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La-7s of 163 giap, 229 iad
by Massimo Tessitori

Updated on August 6, 2020

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This photo of La-7 n.99 was published on Lavockin La-7 of Milos Vestsik, MBI, a lot of years ago, and the identification of the relative unit, place and date has been a problem for years.

The most prominent characteristic is the white square on the rudder, likely a regimental recognition mark.

The oblique band on the fin was strange too, also because it let see the white outline of the red star on the tail and was suspected to be some shadow or photo artifact.

The camouflage isn't recognizable. The glossy finish could suggest that, at the date of the photo, the plane could have been repainted with uniform grey or green uppersurfaces, but it could have been simply wet.

 

 

In recent time, this page http://ava.org.ru/iap/163g.htm has made some light on the thing, collecting photos with similar markings and pilots whose unit is known: it was 249 IAP, that became 163 GIAP in April 1944. The unit, formerly equipped with LaGG-3 and La-5, was reequipped with La-7 in November 1944.

Left: some pilots aside the nose of a La-7. The La-7 logo is visible on the cowling, showing that the side, at least, still preserved the factory camouflage; probably the photo was taken in November 1944.

Right: pilot I.V. Streltsov. Looking at his uniform, the photo looks taken in the mild season, probably spring 1945.

Although very partial, this photo is interesting because it shows well the markings: a white square on the rudder, that was the regimental marking, and an oblique band on the fin, partially covering the red star, that appears in a light color, probably light blue. A similar band appears on other photos, but with a darker color, likely red; this variability suggests that it was a squadron recognition marking, painting according to the squadron; the likely possible colors were red, light blue and white.

Similar markings appeared already on LaGG-3 of this unit in late 1943 or early 1944, and were surely present on La-5s, even if we haven't any photos showing them.

 

 

Plane n.73 of pilot N.M. Onopchenko, one of the few where the number is readable. Unfortunately the tail and nose aren't, so one has to guess on the base of photos of other planes of the unit.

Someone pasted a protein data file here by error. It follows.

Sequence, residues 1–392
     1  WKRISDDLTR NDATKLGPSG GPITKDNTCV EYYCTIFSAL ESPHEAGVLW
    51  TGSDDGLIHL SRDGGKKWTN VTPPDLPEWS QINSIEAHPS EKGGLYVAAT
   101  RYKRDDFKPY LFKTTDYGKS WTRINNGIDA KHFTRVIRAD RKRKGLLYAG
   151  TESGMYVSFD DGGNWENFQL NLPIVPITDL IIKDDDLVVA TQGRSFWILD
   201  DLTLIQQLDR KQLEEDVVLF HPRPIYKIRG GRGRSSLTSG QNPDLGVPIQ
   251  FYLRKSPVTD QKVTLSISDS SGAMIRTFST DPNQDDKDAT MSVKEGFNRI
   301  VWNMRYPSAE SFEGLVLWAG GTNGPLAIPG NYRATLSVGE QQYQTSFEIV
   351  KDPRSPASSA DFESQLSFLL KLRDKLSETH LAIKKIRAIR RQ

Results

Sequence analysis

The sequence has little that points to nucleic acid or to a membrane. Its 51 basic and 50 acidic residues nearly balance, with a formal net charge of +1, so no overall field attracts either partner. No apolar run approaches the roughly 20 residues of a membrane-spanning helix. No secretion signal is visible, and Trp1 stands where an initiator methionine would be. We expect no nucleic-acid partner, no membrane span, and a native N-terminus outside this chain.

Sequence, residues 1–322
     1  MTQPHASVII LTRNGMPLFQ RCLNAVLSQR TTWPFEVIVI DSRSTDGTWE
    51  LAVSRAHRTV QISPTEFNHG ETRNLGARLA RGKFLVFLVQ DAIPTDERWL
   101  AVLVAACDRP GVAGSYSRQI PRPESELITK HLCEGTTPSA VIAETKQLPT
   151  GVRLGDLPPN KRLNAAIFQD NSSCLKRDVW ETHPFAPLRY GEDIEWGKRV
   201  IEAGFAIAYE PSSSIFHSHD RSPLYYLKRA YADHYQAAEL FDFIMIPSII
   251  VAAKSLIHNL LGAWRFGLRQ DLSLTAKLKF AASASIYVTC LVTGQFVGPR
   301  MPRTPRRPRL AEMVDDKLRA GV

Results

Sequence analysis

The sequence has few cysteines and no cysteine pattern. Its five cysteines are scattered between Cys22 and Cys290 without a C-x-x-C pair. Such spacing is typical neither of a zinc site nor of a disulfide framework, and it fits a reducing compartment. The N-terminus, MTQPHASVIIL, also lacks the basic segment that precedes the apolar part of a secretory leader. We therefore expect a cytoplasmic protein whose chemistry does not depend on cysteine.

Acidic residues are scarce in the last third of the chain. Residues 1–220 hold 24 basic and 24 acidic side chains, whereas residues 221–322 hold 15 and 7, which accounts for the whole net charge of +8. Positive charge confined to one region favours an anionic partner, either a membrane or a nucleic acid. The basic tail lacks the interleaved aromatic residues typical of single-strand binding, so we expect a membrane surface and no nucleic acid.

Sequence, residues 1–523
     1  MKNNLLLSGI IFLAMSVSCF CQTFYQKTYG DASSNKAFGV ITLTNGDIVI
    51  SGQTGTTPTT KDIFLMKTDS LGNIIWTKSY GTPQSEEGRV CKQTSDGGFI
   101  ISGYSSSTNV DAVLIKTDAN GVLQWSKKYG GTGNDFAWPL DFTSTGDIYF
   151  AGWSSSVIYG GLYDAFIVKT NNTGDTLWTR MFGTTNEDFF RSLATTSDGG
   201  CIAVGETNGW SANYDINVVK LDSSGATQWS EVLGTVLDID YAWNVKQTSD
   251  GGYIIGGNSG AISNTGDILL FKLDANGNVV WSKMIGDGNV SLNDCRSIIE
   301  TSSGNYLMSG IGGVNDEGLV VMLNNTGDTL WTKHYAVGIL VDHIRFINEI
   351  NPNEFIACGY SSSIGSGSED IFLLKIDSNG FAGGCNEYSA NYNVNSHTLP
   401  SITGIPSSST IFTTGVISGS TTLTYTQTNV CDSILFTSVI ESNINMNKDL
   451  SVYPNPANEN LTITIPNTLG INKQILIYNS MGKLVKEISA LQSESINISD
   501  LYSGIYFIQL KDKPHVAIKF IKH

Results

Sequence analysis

The uniform is for temperate climate, that suggests that the photo was taken in spring 1945.

The camouflage is not clearly recognizable; the dark area behind the pilot is very blurred and doesn't match the standard factory camouflage; this could be for some later repainting, while it's likely that the plane had been delivered to the unit in a standard camouflage.

Anyway, we can suppose that the plane arrived at the unit in November 1944 without particular markings on the nose, preserving the factory camouflage and logo.

In a second time, in 1945, the nose of all the La-7 of the unit was likely repainted red.

 

Left: a profile of the plane n.73 of Onopchenko drawn according to the considerations above. The squadron color is guessed as red.

In a second time, the nose of the plane was probably painted red according to the images below.

 

Photo of plane 82 of V.A. Denisov (in the cockpit), Torun airfield (Poland) 1945.

The most interesting characteristic shown by the photo is the red nose: spinner, front ring, triangles on the sides. The triangles are moved higher than the plane's axis height, and are outlined in white. It is the very same style used on the planes of the better known 176 GIAP, the unit of Kozhedub.

It's very likely that all the planes of the unit received this decoration on the nose, that helped to distinguish them from German FW-190s.

 

 

The profile of plane 82 drawn according to the considerations above.

The color of the oblique band on the tail was guessed as red.